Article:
Editor's note: This story has been updated throughout.
About a year ago, Texas Supreme Court Justice Don Willett posted a haiku on Twitter:
Who would the Donald/Name to #SCOTUS? The mind/reels. *weeps — can't finish tweet*
Maybe those were tears of joy.
On Wednesday, presumptive Republican Party presidential nominee Donald Trump included Willett on a list of 11 people whom Trump would consider nominating to the U.S. Supreme Court if he were elected president.
In a press release, Trump cited Willett's experience on the state's top civil court, noting that he was appointed by then-Gov. Rick Perry in 2005 and then re-elected twice. The release also highlighted his prior work at the conservative Texas Public Policy Foundation and as a top lawyer in the state Office of Attorney General when now-Gov. Greg Abbott was in charge.
His tweets went unmentioned.
Trump said the 11 people on his list are "representative of the kind of constitutional principles I value." As president, he said he would "use this list as a guide to nominate our next United States Supreme Court Justices."
Willett issued a statement Wednesday evening that offered little indication of whether he was open to serving on the court.
"I respect all, and personally know several, of the judges listed," he said. "Being named alongside them for any purpose is a rich honor. They are exceptional jurists, and importantly, over half have served or are serving in the state judiciary, where most American justice is dispensed."
In Texas, Willett is perhaps best known as the justice who tweets. He has posted on Twitter more than 21,000 times since joining in 2009. He often writes about his family, the law and his alma mater, Baylor University. He occasionally chimes in on politics, but more in an observational way than purely political.
But he has occasionally made exceptions to comment about Trump. His haiku was written when many people considered Trump's campaign more of a publicity stunt than a serious movement. At other times, he has written that he "Can't wait till Trump rips off his face Mission Impossible-style & reveals a laughing Ruth Bader Ginsburg." He has also tweeted jokes about Trump's infamous Trump University and posted a fake quote about Trump wanting to rebuild the "Death Star," saying that the "rebels will pay for it."
Willett most recently made news as the author of last week’s surprise ruling that the state’s system of funding schools, though seriously flawed, meets the requirements of the Texas Constitution.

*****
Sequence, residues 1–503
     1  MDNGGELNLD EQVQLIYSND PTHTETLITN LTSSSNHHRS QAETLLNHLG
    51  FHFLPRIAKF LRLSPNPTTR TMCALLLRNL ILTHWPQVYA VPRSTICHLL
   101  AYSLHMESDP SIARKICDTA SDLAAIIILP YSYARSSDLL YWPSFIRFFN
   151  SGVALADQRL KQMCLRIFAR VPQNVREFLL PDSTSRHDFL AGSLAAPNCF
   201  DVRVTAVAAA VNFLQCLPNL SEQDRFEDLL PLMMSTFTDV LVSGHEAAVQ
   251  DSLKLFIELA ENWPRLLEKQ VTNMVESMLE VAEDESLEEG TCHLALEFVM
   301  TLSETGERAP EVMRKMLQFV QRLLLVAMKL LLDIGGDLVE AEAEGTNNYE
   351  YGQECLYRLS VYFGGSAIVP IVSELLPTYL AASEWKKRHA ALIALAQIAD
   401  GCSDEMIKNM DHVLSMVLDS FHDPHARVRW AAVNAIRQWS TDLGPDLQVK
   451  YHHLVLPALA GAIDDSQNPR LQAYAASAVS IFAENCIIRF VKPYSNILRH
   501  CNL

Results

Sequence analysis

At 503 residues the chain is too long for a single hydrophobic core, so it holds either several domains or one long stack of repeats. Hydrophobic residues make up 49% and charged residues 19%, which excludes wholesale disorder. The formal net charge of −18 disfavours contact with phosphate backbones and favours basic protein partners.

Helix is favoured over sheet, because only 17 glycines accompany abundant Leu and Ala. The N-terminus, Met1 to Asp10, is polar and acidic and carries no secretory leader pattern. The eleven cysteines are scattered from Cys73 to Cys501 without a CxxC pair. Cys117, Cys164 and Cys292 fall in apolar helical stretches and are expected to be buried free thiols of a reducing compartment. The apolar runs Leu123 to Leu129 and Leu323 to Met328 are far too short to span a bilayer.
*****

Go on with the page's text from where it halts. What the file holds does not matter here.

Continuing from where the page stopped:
The opinion highlighted how he prides himself on his writing flourishes. He wrote that “imperfection, however, does not mean imperceptible. Texas’s more than five million children deserve better than serial litigation over an increasingly Daedalean ‘system.’ They deserve transformational, top-to-bottom reforms that amount to more than Band-Aid on top of Band-Aid. They deserve a revamped, nonsclerotic system fit for the 21st century.”
Willett’s inclusion on the list is sure to please many conservatives. Willett worked as an adviser for George W. Bush's campaigns for governor and president. He has been lauded by Republicans and discussed as an ideal replacement for recently deceased Supreme Court Justice Antonin Scalia. In 2011, U.S. Sen. Ted Cruz of Texas called Willett “a conservative star of the Texas Supreme Court.” Washington Post columnist George Will has sung his praises.
On Wednesday, Abbott cheered Willett’s inclusion on the list, saying Willett "would be the kind of justice we need, who would apply the Constitution, not rewrite it."
"The addition of Justice Willett is brilliant," Abbott said.
That kind of excitement may have been exactly what Trump had in mind. Releasing such a list is unusual for presidential candidates, but the candidate said in March that he would produce one to ease concerns that he wasn’t conservative enough. In addition to being a list of judges people “totally admire,” Trump said that month that his candidates would also be “great conservative judges, great intellects, the people that you want," according to the Associated Press.
Willett was the only Texan on the list. The other 10 included six federal judges — Steven Colloton of Iowa; Raymond Gruender of Missouri; Thomas Hardiman of Pennsylvania; William Pryor Jr. of Alabama, Diane Sykes of Wisconsin; and Raymond Kethledge of Michigan — and four other state Supreme Court justices —Allison Eid of Colorado; Joan Larsen of Michigan; Thomas Lee of Utah; and David Stras of Minnesota.
Soon after Trump’s announcement, Willett showed up at a previously scheduled signing in Austin for Abbott’s new book. When approached by reporters, he seemed speechless and stunned. After being asked for comment, he joked, “I’m exercising judicial restraint.”
He hasn’t tweeted since.
Additional reporting by Patrick Svitek and Ross Ramsey.
Disclosure: The Texas Public Policy Foundation has been a financial supporter of The Texas Tribune. A complete list of Tribune donors and sponsors can be viewed here.